Time to wise up about worms

I'm tired of having an in-box filled with worms. In the last 26 days, infected PCs have sent me 3,787 copies of MyDoom. I know I'm supposed to be an understanding, gentle kind of advice giver, but frankly, I'm sick of it. I'm sick of having my time wasted, and I'm sick of having to help people clean up messes because they can't control their own mice.

Why can't people take responsibility for protecting their own PCs? People never say, "I did something utterly moronic today and infected my own PC and 600 others." No, it's "I got a virus." As if it's not their fault. As if they caught a cold because they just happened to be in the room when someone who was sick walked by.

Well, it is their fault. You don't get MyDoom if you don't click on it. It's not even that clever of a hack, the kind where just staring at it funny infects your PC. It's not novel, either. When the ILoveYou worm came out, that was new. People got duped because they had never seen anything like it. But that was four years ago.

If you got MyDoom last month, you've got a problem, and it's not a software problem. It's a human problem. Here are some ideas for solving it:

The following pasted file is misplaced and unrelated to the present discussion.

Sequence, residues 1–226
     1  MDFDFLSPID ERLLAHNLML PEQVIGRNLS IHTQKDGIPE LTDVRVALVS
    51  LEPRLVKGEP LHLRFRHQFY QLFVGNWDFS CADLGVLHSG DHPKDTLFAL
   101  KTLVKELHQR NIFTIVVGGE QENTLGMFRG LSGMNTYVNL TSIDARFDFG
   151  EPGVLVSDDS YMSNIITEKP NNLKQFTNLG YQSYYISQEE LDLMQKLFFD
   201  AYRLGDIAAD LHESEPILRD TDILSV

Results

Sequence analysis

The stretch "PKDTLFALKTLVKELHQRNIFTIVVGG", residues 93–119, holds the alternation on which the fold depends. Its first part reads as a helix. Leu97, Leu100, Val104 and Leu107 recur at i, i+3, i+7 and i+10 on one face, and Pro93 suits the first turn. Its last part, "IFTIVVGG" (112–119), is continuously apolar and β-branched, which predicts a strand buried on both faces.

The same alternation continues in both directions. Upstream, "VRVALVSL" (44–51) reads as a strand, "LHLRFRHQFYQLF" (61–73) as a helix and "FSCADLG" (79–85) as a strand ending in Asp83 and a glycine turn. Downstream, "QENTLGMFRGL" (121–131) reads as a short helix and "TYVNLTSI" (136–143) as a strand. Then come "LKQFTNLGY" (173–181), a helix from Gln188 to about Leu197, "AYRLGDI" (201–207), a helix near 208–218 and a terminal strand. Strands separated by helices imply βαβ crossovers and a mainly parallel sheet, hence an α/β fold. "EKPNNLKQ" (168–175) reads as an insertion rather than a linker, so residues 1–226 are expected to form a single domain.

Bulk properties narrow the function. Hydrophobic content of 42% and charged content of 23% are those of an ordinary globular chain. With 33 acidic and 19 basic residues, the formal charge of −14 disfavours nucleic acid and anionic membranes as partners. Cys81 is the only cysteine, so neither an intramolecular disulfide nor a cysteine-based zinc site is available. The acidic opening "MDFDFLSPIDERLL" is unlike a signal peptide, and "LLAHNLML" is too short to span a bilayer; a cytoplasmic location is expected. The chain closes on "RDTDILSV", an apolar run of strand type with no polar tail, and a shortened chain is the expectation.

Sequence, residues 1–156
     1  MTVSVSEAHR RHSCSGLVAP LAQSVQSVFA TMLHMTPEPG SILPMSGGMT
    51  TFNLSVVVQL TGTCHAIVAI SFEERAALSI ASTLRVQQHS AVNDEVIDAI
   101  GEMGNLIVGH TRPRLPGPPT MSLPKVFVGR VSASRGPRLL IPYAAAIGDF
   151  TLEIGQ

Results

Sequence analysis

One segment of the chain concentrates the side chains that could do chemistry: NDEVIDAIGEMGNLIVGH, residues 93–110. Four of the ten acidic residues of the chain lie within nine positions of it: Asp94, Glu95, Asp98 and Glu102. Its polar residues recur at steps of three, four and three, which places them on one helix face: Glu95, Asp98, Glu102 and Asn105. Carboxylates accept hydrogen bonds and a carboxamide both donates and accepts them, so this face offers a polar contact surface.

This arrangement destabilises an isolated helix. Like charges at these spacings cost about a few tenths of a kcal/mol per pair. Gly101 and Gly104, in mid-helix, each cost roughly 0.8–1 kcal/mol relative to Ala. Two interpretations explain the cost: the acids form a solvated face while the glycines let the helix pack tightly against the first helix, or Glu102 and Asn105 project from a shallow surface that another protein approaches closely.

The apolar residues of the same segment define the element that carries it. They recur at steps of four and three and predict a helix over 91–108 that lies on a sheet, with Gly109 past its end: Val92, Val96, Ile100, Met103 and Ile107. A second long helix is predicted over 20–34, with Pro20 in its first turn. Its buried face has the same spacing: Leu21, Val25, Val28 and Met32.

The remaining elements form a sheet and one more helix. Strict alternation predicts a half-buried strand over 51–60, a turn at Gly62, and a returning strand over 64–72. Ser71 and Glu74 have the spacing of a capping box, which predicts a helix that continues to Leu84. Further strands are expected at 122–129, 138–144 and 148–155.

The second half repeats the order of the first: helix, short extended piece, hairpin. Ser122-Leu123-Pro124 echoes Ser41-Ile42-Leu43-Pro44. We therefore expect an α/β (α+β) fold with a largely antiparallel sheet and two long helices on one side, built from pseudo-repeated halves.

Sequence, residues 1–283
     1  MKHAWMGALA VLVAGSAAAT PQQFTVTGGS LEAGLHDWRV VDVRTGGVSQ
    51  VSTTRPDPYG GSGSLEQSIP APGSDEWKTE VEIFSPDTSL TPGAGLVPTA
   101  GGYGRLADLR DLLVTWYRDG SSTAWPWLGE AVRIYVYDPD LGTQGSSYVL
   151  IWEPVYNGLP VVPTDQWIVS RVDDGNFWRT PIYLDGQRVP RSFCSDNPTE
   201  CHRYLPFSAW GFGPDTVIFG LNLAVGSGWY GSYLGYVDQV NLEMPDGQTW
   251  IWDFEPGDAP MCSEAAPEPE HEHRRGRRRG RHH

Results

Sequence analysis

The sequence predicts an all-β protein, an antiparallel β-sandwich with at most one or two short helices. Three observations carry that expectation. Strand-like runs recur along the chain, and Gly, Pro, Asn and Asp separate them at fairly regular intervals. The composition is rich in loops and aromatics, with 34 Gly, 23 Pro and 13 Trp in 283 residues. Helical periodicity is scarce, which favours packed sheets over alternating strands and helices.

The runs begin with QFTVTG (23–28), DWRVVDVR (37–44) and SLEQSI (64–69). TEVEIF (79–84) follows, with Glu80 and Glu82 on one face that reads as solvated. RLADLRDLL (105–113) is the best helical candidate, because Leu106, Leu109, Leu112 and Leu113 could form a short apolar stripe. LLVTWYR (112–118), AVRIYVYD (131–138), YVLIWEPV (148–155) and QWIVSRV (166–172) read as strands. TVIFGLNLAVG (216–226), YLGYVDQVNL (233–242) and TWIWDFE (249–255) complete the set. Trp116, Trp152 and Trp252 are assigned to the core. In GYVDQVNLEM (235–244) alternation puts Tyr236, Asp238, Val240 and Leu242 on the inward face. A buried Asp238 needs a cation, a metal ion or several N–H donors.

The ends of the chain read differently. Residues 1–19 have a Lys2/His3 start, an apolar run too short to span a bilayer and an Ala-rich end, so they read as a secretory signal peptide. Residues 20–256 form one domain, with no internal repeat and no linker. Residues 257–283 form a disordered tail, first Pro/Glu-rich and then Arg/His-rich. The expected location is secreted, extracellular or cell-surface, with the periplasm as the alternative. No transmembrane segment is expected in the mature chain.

Stop relying on virus scanners. When a worm like this breaks out, it can take hours for virus signatures to be updated and days for all the PCs in the world to know about it. A virus scanner is a great thing to have, but you can't blindly stumble through life clicking on anything you see just because you gave Symantec $20. If you have a heuristic virus scanner - they do exist - that can help, but it's still not a sure thing; it just increases the odds of success. You have to realize that even with protection, you're not totally protected.

Start relying on education. You, and all the users you support, should know better than to click on attachments, no matter who they're from, which launch programs or unzip themselves and self-execute. This is as basic as knowing your own e-mail address. When you put a company PC in someone's hands, they should be potty-trained to not mess all over your network. If you think training is expensive, consider the cost of not training.

Stop buying the monoculture. If everyone uses the same mail client and operating system, it's that much easier for malware to take down your network. I don't have any illusions that everyone in the world is suddenly going to stop using Windows, Office and Outlook, but I can tell you this: The only thing Macintosh users got from MyDoom was annoyed. There are Windows e-mail clients, such as Netscape and Eudora, that are less susceptible to the kind of prank that spreads MyDoom.

Start configuring for protection. Modern mail gateways, operating systems and personal firewalls let you block many of the features exploited by worms, such as the ability to download and run your own applications. For naive users who are most likely to get caught, additional protections are justified. Not every PC in the company has to have the same security posture as the IT staff.

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